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Judge: Exonerated man’s suit against Elkhart police may proceed

January 30, 2019

A civil rights lawsuit filed by pardoned ex-prisoner Keith Cooper has been allowed to continue, with a federal judge ruling Tuesday that Cooper’s federal malicious prosecution and related claims are not time-barred. However, the judge also raised questions as to whether the relevant statute of limitations should be revised.

Indiana Northern District Judge Philip P. Simon on Tuesday denied a motion for judgment on the pleadings brought by the city of Elkhart and several individual police officers, including Steve Rezutko, now ex-Chief Edward Windbigler, Steven Ambrose and Tom Cutler. Cooper sued the officers in November 2017 after Gov. Eric Holcomb pardoned his armed robbery conviction the previous February. Cooper was convicted in 1997 and was released with his conviction still intact in 2006.

When Holcomb pardoned Cooper in February 2017, his executive order said the clemency was based on the facts that “(1) all of the eyewitnesses who identified Mr. Cooper at trial have now recanted their testimony and said they were mistaken; (2) the jailhouse informant has recanted his trial testimony; (3) the DNA evidence from the hat worn by the robber at the crime now clearly identifies and points to another man who is currently in prison for murder and who has subsequently been identified by eyewitnesses as the actual person who shot the victim and committed the crime; [and] (4) the DNA testing confirmed that no DNA from Mr. Cooper was found on the hat.” Cooper’s lawsuit alleges the defendants intentionally fabricated and withheld evidence to secure his conviction.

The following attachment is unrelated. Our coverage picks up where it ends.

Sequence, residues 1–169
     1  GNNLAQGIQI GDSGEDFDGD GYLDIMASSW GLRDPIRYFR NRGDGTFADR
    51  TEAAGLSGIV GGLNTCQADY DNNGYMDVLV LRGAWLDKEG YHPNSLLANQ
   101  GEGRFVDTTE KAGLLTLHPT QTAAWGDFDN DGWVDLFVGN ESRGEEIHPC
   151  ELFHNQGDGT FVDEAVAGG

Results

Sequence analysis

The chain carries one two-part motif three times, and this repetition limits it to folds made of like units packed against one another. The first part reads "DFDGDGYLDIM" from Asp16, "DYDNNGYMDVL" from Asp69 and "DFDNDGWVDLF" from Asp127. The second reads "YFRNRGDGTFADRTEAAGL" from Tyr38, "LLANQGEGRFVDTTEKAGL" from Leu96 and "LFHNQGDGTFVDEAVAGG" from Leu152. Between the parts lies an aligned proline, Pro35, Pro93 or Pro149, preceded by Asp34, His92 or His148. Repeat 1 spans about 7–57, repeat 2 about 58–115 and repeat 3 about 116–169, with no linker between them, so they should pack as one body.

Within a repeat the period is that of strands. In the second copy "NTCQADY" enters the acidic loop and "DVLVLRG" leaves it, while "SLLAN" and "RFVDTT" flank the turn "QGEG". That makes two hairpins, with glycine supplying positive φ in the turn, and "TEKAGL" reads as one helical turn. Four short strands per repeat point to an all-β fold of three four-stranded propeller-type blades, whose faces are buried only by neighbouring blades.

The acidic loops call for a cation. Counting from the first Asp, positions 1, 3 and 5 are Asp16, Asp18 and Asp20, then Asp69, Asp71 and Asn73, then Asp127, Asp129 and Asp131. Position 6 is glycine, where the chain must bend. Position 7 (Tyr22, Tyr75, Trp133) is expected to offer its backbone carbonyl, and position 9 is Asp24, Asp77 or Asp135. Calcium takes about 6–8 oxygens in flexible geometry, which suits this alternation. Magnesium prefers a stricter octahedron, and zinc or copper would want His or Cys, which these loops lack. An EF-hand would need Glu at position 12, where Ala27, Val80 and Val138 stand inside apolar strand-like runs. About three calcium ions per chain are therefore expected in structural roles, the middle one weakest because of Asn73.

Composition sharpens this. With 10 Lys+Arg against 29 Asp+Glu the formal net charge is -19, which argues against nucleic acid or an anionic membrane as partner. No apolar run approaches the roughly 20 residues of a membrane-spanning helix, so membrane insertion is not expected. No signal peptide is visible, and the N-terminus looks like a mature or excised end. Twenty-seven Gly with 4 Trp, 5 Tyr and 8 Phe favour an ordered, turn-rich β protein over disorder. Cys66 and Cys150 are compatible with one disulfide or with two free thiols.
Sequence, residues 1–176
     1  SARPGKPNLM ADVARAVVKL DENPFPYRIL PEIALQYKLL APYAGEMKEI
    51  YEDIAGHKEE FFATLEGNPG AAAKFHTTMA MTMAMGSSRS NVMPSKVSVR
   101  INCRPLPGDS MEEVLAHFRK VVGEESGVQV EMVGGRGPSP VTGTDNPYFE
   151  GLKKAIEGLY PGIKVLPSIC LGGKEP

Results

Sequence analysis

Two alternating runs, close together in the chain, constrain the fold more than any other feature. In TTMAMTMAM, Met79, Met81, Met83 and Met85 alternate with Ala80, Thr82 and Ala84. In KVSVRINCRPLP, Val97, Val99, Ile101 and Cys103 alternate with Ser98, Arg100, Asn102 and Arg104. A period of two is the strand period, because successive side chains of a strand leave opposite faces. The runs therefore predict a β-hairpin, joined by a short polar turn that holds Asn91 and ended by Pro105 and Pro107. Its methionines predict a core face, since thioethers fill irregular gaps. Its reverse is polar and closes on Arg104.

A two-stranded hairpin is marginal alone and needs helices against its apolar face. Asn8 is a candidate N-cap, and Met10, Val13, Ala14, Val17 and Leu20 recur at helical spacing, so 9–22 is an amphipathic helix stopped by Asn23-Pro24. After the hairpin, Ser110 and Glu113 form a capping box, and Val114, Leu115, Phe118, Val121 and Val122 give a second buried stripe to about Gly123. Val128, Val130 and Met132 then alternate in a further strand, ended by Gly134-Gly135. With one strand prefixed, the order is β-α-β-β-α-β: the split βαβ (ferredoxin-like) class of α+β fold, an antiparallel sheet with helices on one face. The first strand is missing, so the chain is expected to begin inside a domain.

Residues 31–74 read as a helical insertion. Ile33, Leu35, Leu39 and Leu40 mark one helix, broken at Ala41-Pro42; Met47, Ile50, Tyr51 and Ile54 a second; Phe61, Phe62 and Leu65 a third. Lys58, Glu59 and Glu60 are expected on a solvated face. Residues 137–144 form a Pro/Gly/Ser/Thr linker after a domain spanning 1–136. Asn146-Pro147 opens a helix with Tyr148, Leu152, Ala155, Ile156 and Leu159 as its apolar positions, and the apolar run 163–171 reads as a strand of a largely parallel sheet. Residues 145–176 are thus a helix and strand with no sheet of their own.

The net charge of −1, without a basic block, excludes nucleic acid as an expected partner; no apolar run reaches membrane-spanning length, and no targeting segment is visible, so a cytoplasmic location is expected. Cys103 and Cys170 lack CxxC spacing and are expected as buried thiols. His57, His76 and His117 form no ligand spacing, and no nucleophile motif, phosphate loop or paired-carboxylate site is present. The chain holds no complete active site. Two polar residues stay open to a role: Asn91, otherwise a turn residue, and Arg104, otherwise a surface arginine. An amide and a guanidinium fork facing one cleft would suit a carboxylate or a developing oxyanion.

According to Cooper’s version of events, as described in Simon’s order, the alleged conspiracy against Cooper and his co-defendant, Christopher Parish, began almost immediately after Michael Kershner was shot in his home during an attempted robbery in October 2006. Eddie Love, an eyewitness, said one of the assailants resembled Parish, so Rezutko “coerced and put substantial pressure on Mr. Love to falsely identify Mr. Parish.”

The other suspect was a tall black man, a description that generally matches Cooper. Thus, when Cooper was arrested for an unrelated purse snatching — for which he was acquitted — he also became a suspect in the robbery based on Rezutko’s “hunch.”